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Eye light for actors


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#1 Reinis Traidas

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Posted 25 December 2009 - 07:15 AM

Hello,

I've been starting out shooting some short films and I've just realized (via some feedback from established DOPs) how important it is to light the actors eyes. I've never really thought about this until now when lighting.

I was wondering what some of the more experiencing shooters out there use to add a nice, subtle light to be reflected in the actors eyes in a close up. Is there a solution that would add something in the eye without adding any unneeded light on the actors face or in the scene? Or is it just the way you position a light so that it reflects in the eye? Especially in a dark/dim or high contrast situation where you don't exactly want a lot of fill light - i.e. want to keep the face rather dark?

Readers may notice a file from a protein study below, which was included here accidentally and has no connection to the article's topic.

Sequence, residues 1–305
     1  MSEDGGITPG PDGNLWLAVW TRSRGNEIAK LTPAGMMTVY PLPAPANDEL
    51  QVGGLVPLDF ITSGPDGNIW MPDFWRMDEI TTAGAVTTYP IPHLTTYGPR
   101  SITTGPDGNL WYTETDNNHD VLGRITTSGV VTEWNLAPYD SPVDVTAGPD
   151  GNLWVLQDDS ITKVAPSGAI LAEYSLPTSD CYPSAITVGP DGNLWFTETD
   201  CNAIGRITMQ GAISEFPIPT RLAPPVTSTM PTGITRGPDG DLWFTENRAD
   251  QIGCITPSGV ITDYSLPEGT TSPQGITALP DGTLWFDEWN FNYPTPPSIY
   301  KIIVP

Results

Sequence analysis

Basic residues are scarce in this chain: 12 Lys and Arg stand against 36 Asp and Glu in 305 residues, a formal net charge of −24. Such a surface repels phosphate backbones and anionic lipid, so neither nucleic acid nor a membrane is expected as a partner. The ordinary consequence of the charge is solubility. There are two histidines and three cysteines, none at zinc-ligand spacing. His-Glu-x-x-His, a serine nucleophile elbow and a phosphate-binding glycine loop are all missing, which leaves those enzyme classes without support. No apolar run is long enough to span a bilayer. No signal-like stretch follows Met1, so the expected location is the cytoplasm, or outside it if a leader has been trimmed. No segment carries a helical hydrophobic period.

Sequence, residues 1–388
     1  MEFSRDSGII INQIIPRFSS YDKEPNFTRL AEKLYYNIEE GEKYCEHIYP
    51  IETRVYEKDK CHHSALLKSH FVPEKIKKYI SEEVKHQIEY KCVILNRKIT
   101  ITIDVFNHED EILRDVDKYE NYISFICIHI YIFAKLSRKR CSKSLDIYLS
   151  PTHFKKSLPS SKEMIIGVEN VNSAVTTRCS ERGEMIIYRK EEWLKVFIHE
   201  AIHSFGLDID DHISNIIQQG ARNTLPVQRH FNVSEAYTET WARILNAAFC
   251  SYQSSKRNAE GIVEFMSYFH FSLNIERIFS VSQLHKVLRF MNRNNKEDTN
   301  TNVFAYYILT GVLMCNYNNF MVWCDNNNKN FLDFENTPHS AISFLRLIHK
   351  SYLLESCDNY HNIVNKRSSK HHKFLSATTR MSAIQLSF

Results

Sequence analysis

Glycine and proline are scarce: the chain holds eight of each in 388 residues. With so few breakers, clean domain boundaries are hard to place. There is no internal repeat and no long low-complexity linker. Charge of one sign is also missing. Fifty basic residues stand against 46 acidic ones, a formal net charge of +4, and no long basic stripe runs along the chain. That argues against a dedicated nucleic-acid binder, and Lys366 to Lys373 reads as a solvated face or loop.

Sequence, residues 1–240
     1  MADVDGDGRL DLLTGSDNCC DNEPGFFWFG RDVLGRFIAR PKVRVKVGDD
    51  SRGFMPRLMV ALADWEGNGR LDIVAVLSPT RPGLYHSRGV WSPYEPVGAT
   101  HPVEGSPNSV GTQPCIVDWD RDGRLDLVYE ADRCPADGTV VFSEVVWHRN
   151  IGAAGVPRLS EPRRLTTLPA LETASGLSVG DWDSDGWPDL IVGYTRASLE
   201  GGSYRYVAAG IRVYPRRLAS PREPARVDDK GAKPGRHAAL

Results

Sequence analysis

I would appreciate your comments.
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#2 Paul Maibaum ASC

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Posted 25 December 2009 - 10:53 AM

Lite-Panels "Ring Lite"

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#3 JD Hartman

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Posted 25 December 2009 - 11:12 AM

An Inky with diffusion on the barndoors works fine.
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#4 David Rakoczy

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Posted 25 December 2009 - 01:36 PM

An Inky with diffusion on the barndoors works fine.


That's what I use ;)
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#5 Kyle Reid